While attrition rates can vary widely across industries, locations, and even company departments, a high attrition rate can signal a grave problem within an organization.
Over time, it can hinder the company’s performance and growth.
Studies show that approximately 60% to 70% of employee turnover is voluntary and in the year 2022 alone, the overall cost of voluntary employee turnover added to over $1 trillion.
Keeping proper track of the employee attrition rate is essential to any business or company as it helps reduce hiring costs and optimize business strategies and productivity.
So, what is a good attrition rate for a company?
The answer to the same will vary depending on the size of the company. However, the rule of thumb is if your company has an annual attrition rate of more than 20%, it’s time to review the details.
Read on to learn more about attrition rate and other related FAQs like the following:
- What is an attrition rate?
- Why does attrition rate matter?
- What are the common causes of attrition?
- How do you calculate the attrition rate?
Employee Attrition Rate Meaning
The employee attrition rate of a company can be defined as the rate at which employees leave a company for various reasons and vacancies created due to attrition. These vacancies are usually not filled immediately or the position simply gets eliminated.
Attrition rate is also known as churn rate and differs slightly from employee turnover rate as attrition is a long-term concept, while in turnover, the vacancies are filled almost immediately.
Employee attrition rate can be calculated by dividing the number of employees who have left the company by the number of employees working for the company during a specified period.
It can be calculated on a monthly, quarterly, or yearly basis for either specific departments or the company as a whole.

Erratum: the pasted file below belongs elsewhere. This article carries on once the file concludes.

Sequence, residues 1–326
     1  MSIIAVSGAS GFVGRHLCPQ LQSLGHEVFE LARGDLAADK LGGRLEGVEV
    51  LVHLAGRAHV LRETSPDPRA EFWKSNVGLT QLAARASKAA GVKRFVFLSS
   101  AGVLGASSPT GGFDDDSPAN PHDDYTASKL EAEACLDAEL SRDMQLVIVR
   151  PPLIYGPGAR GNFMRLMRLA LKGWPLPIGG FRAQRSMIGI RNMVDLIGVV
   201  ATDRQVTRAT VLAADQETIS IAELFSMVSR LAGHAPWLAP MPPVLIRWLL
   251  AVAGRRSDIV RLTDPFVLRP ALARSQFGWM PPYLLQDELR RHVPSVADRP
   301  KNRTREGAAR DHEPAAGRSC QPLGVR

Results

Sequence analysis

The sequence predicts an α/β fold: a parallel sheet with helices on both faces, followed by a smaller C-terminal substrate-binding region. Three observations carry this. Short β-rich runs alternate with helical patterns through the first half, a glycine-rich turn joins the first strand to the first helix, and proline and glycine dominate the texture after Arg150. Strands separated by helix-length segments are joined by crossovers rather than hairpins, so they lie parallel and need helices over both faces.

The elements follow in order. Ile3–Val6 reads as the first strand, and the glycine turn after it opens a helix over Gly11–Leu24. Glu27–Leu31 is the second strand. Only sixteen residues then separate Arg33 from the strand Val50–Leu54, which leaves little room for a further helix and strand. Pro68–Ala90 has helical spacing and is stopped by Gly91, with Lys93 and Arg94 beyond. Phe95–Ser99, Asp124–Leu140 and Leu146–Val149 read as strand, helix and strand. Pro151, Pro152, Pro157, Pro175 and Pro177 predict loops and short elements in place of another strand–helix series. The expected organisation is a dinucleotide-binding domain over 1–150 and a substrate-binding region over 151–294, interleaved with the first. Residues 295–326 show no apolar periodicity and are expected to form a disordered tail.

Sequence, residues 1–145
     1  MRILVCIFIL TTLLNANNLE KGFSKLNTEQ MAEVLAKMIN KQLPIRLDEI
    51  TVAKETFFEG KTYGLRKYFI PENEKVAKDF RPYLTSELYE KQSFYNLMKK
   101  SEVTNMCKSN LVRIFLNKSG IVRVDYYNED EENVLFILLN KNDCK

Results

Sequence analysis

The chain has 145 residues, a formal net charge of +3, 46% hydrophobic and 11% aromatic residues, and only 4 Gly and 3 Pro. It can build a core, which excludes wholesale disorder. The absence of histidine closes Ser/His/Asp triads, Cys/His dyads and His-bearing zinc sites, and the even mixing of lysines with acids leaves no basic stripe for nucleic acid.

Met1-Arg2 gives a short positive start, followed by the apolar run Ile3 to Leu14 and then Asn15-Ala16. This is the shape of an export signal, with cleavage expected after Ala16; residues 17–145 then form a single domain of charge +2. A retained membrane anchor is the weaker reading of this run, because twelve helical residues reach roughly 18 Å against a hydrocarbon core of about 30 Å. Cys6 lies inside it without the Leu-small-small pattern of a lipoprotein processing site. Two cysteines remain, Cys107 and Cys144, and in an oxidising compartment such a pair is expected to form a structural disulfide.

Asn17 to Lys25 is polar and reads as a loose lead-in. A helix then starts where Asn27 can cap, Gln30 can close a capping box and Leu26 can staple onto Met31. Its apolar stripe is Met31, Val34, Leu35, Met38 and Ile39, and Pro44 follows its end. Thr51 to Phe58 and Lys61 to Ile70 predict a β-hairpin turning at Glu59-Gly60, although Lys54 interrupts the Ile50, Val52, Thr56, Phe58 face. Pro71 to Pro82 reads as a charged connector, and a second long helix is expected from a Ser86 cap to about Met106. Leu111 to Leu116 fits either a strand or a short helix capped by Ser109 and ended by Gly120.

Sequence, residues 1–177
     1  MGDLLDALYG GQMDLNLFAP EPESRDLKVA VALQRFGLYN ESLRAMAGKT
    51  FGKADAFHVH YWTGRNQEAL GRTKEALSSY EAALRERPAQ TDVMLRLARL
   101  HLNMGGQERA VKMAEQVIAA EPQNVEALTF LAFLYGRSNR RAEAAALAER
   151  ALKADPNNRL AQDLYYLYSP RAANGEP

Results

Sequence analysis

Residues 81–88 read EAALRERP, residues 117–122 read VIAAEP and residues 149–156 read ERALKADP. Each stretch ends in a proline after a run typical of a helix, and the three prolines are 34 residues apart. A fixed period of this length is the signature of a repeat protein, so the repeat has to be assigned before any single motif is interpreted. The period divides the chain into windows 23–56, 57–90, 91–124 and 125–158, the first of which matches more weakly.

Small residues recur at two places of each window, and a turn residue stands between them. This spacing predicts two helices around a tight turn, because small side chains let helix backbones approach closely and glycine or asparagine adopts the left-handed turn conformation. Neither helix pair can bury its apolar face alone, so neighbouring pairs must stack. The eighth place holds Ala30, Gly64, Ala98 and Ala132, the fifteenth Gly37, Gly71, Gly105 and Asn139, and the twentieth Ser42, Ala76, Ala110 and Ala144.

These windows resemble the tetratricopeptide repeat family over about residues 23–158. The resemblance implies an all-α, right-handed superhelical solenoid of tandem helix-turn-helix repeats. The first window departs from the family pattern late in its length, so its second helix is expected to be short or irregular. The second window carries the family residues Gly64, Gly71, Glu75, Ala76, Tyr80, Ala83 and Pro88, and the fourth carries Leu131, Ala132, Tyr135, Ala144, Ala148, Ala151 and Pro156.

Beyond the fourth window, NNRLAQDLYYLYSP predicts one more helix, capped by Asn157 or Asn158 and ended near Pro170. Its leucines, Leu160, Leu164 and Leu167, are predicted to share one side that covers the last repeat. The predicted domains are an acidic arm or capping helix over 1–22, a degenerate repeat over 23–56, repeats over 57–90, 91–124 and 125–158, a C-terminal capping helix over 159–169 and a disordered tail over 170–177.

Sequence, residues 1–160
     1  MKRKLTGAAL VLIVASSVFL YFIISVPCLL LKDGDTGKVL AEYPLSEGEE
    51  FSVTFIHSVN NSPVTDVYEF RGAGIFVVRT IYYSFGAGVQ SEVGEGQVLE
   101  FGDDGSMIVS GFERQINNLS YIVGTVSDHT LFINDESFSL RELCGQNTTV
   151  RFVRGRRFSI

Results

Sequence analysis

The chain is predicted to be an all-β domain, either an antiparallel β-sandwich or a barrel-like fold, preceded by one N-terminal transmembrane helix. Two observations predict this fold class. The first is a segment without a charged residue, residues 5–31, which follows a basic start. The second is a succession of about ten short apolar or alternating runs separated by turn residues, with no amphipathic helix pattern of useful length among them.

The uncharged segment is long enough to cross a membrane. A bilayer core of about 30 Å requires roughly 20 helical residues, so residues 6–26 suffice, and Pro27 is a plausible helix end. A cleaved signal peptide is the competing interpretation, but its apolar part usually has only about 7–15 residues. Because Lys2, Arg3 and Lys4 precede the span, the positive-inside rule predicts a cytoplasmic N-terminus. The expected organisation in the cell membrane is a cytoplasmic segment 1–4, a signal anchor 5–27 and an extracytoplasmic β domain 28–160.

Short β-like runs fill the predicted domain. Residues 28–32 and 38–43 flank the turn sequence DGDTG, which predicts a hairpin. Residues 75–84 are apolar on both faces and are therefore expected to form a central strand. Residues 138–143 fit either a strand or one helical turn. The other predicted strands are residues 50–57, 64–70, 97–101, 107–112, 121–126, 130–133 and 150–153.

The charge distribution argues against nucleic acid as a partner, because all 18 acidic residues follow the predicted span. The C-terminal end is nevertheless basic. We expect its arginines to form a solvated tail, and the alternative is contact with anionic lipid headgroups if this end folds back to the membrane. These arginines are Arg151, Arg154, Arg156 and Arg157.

Furthermore, there are different types of attritions, and not every kind of attrition is a cause for concern. The following are the 4 types of attritions:
- Voluntary attrition - when a worker leaves the company on their own accord
- Involuntary attrition - when a worker is dismissed, fired, or laid off from the company
- Internal attrition - when an employee takes over a different position within the company
- Demographic attrition - when a specific group (based on age, race, & gender) of workers leave the company
Why Should You Pay Attention to Your Company’s Attrition Rate?
Out of the 4 types of attritions, a high voluntary and demographic-specific attrition rate are the worst types of attrition.
Because this signals serious structural and cultural issues within the organization, which, if not addressed, can hamper the company’s longevity.
One of the initial impacts of a high attrition rate is an increase in hiring cost as studies show that replacing a highly skilled employee can cost your company:
- Hourly paid employees: $1,500
- Technical positions: 100 to 150% of a worker’s salary
- C-suite position: over 213% of an employee’s salary
And even if your company has a well-established and thorough handover process, some institutional knowledge is bound to leave the company along with the employee, as it is impossible to consign everything that the employee has learned over the years.